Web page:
I recommend and use WordPress usually, even for selling online, unless my client particularly wants Shopify. I find WordPress so flexible and will grow with you as your business grows and evolves. I’ve worked with so many small business owners who have set up a DIY website on Weebly and Wix, and they find that after a while, they need extra features or functions and have to switch to WordPress or the like. So, I advise choosing a platform that will grow with you.

If you are going to create a website for your business yourself, ensure the theme you choose is mobile responsive, too. That’s one big part of Google’s ranking factors.

which website platform should I choose advice from she rocks digital web designer hobart

Small business goals

Considering your business goals before building a small business website is a good idea. Think about:

What do you offer?

Consider what you offer now and what you may offer down the track.

  • If you are a service based business, will you ever want to sell digital products?
  • Do you want to bring in more leads to your business?
  • Are you looking for a website that handles everything in your client’s/customer’s journey?
  • Do you want your website to be just the initial point of contact?

Your audience

Knowing your audience, i.e., your clients/customers, is crucial to making the right choices for your new website.

Suppose your audience falls into a particular age demographic, for example, in their early 20s. In that case, they will likely respond better to a particular website style and expect specific features that an older demographic might find frustrating.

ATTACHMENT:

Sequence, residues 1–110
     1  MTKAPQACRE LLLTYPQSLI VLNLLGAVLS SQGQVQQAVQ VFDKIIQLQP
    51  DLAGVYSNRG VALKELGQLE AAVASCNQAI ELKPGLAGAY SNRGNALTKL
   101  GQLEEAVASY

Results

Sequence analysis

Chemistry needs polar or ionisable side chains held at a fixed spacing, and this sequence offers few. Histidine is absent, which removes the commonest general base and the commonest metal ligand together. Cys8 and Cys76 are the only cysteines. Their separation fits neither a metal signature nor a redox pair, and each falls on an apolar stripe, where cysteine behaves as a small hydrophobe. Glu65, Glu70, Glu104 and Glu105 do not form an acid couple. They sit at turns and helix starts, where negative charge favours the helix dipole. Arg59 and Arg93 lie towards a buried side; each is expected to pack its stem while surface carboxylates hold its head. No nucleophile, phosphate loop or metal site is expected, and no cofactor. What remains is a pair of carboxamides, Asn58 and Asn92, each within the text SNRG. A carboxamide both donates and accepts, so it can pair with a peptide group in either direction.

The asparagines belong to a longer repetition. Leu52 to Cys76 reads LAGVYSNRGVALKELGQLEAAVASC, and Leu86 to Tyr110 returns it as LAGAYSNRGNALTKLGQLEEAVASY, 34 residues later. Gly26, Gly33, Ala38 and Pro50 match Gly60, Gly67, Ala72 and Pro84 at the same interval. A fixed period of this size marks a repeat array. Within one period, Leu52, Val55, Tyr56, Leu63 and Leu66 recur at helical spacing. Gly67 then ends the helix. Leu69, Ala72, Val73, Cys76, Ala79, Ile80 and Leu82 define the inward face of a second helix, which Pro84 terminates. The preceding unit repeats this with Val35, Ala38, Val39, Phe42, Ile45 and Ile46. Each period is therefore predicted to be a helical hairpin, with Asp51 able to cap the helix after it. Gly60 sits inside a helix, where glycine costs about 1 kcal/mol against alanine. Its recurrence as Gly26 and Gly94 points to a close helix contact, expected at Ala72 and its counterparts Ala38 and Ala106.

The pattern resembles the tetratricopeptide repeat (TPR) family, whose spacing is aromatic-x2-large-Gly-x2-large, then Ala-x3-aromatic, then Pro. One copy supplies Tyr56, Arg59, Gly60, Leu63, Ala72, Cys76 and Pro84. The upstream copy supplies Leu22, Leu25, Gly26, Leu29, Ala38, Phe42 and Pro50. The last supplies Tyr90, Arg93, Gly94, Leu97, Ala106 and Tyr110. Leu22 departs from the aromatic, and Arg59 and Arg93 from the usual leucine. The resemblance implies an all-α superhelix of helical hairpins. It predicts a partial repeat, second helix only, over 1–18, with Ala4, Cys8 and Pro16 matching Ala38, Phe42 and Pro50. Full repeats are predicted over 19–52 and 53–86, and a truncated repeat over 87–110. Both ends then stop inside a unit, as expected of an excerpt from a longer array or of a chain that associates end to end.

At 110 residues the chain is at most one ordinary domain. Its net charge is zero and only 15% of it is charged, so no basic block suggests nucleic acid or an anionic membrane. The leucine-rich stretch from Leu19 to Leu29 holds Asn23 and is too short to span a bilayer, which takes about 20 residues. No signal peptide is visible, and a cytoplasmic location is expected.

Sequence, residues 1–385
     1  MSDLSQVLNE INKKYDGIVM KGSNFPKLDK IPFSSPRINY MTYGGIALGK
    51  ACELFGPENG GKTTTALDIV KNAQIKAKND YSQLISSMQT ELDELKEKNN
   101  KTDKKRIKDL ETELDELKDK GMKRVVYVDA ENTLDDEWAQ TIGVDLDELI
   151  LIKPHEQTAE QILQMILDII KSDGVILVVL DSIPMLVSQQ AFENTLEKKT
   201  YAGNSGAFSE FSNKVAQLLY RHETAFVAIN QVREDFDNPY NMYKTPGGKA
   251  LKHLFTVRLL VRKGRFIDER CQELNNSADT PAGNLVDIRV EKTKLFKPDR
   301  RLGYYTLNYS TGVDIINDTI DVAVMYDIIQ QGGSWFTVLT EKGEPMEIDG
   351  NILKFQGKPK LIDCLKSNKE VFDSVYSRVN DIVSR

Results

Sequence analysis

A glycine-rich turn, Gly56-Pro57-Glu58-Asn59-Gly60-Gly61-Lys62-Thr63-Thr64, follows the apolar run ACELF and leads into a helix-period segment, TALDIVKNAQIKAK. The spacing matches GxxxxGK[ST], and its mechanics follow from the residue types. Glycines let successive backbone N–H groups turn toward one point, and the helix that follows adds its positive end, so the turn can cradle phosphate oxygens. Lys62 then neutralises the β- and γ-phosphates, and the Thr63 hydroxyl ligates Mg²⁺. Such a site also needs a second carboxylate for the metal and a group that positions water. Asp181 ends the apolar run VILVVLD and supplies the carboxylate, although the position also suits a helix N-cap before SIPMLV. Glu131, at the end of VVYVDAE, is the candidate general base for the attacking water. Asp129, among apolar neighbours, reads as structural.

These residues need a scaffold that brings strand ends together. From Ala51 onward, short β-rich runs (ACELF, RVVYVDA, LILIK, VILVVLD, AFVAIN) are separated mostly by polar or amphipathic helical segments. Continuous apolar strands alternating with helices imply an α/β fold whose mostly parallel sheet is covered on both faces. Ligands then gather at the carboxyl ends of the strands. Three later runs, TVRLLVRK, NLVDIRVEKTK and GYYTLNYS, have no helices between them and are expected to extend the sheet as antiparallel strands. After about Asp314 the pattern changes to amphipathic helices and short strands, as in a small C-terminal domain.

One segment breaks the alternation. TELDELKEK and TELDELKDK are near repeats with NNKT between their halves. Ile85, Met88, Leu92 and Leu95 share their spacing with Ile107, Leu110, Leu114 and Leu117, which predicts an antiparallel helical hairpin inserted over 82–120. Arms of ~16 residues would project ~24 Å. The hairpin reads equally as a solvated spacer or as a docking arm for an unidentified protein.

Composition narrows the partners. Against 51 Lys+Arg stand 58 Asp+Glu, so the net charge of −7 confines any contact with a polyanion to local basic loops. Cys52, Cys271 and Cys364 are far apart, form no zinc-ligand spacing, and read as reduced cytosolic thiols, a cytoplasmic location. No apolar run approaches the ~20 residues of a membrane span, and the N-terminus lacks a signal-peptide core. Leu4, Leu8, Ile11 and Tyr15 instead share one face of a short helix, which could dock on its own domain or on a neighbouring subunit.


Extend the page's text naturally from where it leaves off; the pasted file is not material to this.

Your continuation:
So, think about the needs and expectations your specific audience will have.

Where are you on your journey?

One mistake businesses can make when starting out is trying to be everything to everyone. It can be challenging for a few reasons:

  1. From nailing your messaging when trying to talk to everyone as, you lose what makes you unique and stand out from the crowd.
  2. When designing your website, you fall into wanting all the bells and whistles, endless menus, and too many pages that not only overwhelm your clients/customers but will have you rocking in the corner, too.


Functionality is an extremely important part of creating a website for your small business. Of course, you want your website to be user-friendly. However, you’ll also benefit from thinking about the future, how your business might grow, and what that means for your website.

Some things to consider when planning the functionality of your website are:

  • You ideally want someone to find what they’re looking for in 3 clicks.
    You also want to consider the best user experience (UX) for them.

UX is essential for larger sites when it comes to URL structure. You don’t want to make changes once your site is live or rename URLs unless it’s completely unavoidable, as you’ll need to redirect them, too. This is all doable, but you do lose some SEO goodness the more redirects you have. So, if you plan it out properly from the start, you won’t need to worry.

Ideally you can find what you want in 3 clicks.

SEO (search engine optimisation)

My favourite topic, or at least one of them, is SEO. It’s so important and the foundation for so much. It all starts with your keyword research, which is what your users will be putting into Google. Whatever you do regarding SEO, don’t just keyword stuff everything.